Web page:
Saturday, February 23, 2008

Sunday Plath: An Early Sonnet

One of the things that I find remarkable about Plath's poetry is her craftmanship. Even the hot-house intensity of her Ariel voice is tightly controlled, or rather unleashed, by her command of language.

Even while still a highschool and college student, she worked very hard at developing her abilities.

Sylvia Plath wrote “Ennui” during her undergraduate years and may have intended to publish it, as she placed her name and address at Smith College in the upper right-hand corner of the typed poem, a practice which she often followed with poems she considered good enough for submission to journals. However, she may have simply been identifying the poem for her teacher, Alfred Young Fisher, with whom she took a special studies course in poetry during the spring of her senior year in 1955. “It is difficult to realize how hard Plath worked to perfect her craft unless you read the poems written before 1956,” Karen V. Kukil, editor of The Unabridged Journals of Sylvia Plath, wrote to us; “many of these poems, like ‘Ennui,’ deserve publication.”


Tea leaves thwart those who court catastrophe,
designing futures where nothing will occur:
cross the gypsy’s palm and yawning she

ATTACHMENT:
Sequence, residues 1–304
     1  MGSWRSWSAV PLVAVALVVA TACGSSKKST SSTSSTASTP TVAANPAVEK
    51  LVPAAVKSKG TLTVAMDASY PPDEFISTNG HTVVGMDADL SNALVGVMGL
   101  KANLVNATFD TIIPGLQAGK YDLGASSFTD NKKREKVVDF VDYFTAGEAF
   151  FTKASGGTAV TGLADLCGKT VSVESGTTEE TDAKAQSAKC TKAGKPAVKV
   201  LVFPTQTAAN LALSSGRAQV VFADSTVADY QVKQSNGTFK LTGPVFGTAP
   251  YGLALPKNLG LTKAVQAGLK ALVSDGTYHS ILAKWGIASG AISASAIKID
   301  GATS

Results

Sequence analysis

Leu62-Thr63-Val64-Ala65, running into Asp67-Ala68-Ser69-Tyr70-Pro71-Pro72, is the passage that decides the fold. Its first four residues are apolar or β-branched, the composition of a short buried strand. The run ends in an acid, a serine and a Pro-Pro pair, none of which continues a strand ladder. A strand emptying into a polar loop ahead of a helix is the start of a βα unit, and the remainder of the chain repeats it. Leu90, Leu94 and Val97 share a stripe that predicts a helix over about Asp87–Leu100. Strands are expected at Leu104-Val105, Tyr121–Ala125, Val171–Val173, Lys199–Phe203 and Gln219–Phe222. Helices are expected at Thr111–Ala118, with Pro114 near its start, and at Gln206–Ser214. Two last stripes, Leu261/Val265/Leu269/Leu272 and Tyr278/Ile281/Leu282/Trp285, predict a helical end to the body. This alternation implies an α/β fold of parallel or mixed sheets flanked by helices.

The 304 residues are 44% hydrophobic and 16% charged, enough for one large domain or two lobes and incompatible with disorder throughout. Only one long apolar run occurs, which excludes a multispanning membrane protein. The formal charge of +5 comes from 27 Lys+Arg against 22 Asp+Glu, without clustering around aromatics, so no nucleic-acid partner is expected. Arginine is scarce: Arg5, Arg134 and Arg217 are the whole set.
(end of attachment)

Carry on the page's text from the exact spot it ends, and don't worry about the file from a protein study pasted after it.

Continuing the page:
will still predict no perils left to conquer.
Jeopardy is jejune now: naïve knight
finds ogres out-of-date and dragons unheard
of, while blasé princesses indict
tilts at terror as downright absurd.

The beast in Jamesian grove will never jump,
compelling hero’s dull career to crisis;
and when insouciant angels play God’s trump,
while bored arena crowds for once look eager,
hoping toward havoc, neither pleas nor prizes
shall coax from doom’s blank door lady or tiger.

Sylvia Plath

From the link highlighted above:

Plath’s original typescripts of her poem (including an earlier draft and the final finished version), which we’ve reproduced here photographically, are currently housed in the Sylvia Plath Archive of juvenilia in the Lilly Library at Indiana University under the label “Ennui (I).”

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